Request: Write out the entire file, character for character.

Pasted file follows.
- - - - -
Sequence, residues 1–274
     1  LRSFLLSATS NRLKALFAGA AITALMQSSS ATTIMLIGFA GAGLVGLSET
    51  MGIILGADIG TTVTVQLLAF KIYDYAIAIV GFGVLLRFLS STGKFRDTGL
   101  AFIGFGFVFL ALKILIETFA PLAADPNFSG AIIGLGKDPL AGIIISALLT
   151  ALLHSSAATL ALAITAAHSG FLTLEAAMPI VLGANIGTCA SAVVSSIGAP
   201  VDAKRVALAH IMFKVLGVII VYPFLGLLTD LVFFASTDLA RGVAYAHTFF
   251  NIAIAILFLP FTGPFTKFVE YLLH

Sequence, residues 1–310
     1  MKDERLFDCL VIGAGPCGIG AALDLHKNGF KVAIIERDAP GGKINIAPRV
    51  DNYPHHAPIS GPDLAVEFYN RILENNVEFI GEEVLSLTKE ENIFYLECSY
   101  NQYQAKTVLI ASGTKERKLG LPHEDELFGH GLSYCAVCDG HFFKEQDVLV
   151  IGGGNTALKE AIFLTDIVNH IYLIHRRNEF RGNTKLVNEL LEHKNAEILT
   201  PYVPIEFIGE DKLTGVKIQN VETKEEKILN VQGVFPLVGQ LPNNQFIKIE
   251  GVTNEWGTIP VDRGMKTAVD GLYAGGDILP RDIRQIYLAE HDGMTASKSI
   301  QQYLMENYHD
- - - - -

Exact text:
Sequence, residues 1–274
     1  LRSFLLSATS NRLKALFAGA AITALMQSSS ATTIMLIGFA GAGLVGLSET
    51  MGIILGADIG TTVTVQLLAF KIYDYAIAIV GFGVLLRFLS STGKFRDTGL
   101  AFIGFGFVFL ALKILIETFA PLAADPNFSG AIIGLGKDPL AGIIISALLT
   151  ALLHSSAATL ALAITAAHSG FLTLEAAMPI VLGANIGTCA SAVVSSIGAP
   201  VDAKRVALAH IMFKVLGVII VYPFLGLLTD LVFFASTDLA RGVAYAHTFF
   251  NIAIAILFLP FTGPFTKFVE YLLH

Sequence, residues 1–310
     1  MKDERLFDCL VIGAGPCGIG AALDLHKNGF KVAIIERDAP GGKINIAPRV
    51  DNYPHHAPIS GPDLAVEFYN RILENNVEFI GEEVLSLTKE ENIFYLECSY
   101  NQYQAKTVLI ASGTKERKLG LPHEDELFGH GLSYCAVCDG HFFKEQDVLV
   151  IGGGNTALKE AIFLTDIVNH IYLIHRRNEF RGNTKLVNEL LEHKNAEILT
   201  PYVPIEFIGE DKLTGVKIQN VETKEEKILN VQGVFPLVGQ LPNNQFIKIE
   251  GVTNEWGTIP VDRGMKTAVD GLYAGGDILP RDIRQIYLAE HDGMTASKSI
   301  QQYLMENYHD